A good hypnotist will never push a client to become more relaxed. We’re not biologically designed to speed up certain processes in the mind/body matrix. We’re incapable of forcing someone to go to sleep more quickly, for example. In fact, doing so creates resistance, and produces the opposite effect. Learning to relax your mind involves implicitly accepting that for a certain amount of time, you’re willing to suspend other concerns. That’s how hypnosis works.
The more your cognitive mind becomes distracted,
the greater your receptivity to hypnotic suggestions
During a normal day at work, you may, for example, tend to be focused on tasks that involve computation, planning, making decisions affecting production of a product, designing a brochure, or expanding a business. In short, you’re utilizing your cognitive (conscious) mind to accomplish these goals. How hypnosis works is to distract your conscious mind. It’s unable to process information in its customary, analytical manner. This creates an opportunity to engage your subconscious mind.
How hypnosis works is that you’re
always aware while in the hypnotic state
Just to clarify: you are never unconscious during a hypnosis session. That is to say, you never lose consciousness. You’ll always hear the hypnotist’s voice, though it may begin to seem distant once you’re deeply relaxed. If a client falls asleep they will still be receptive to hypnotic suggestions, because their subconscious is listening.
How hypnosis works is to uncover your true potential for change
Gradually your mind accepts the fact that you no longer need to exert conscious control of your thoughts and feelings, as you subconsciously become aware of what the hypnotist is saying, while feeling relaxed and somewhat detached.
For example, the hypnotist may suggest you reflect on a painful circumstance you experienced in your past. Possibly memories or feelings which you’d long ago forgotten might surface, or you might perceive the experience very differently than how you’d remembered it. This is completely natural and normal.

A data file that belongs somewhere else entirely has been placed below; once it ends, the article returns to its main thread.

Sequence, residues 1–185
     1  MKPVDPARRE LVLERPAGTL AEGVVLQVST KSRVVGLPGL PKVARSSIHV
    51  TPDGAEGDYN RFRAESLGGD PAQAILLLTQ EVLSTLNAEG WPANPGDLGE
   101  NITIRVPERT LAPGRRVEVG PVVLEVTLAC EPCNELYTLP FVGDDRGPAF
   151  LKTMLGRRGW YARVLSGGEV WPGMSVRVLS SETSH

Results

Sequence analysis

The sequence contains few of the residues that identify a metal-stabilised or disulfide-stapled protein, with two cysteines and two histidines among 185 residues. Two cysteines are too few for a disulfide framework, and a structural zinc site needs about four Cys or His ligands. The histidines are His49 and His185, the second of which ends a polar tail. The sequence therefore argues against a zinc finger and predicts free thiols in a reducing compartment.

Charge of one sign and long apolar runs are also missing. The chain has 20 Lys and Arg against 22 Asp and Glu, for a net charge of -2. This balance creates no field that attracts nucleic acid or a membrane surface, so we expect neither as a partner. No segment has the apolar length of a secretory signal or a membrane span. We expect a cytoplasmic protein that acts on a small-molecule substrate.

The hypnotist might engage you in conversation to help you reframe your feelings towards this event in a more positive light. Later, as you reflect back upon your session, you’ll likely notice that a weight has been lifted off your shoulders, causing you to feel more confident and at peace. Yet, how hypnosis works is always different for everyone.
Many different circumstances lead people to seek a hypnotist
The reasons people seek hypnosis vary widely from one person to the next. Fear of leaving the home, fear of not reaching one’s monthly sales quota, lowering alcohol intake and a desire to discover the most suitable career path are just a few examples. Hypnotherapy can be an important tool to increase your self-confidence in a myriad of ways. Remember, a little change in one area of your life can dramatically affect the entire spectrum of your life.
One of the extra bonuses I provide all of my clients is an MP3 or cd recording of each session. Being diligent about listening to your session recording a few times a week will definitely help with your daily progress.
Are there any other questions lingering in your mind that you’d like to ask? If so, post them below, and I’ll respond to them shortly or call me and schedule a complimentary session.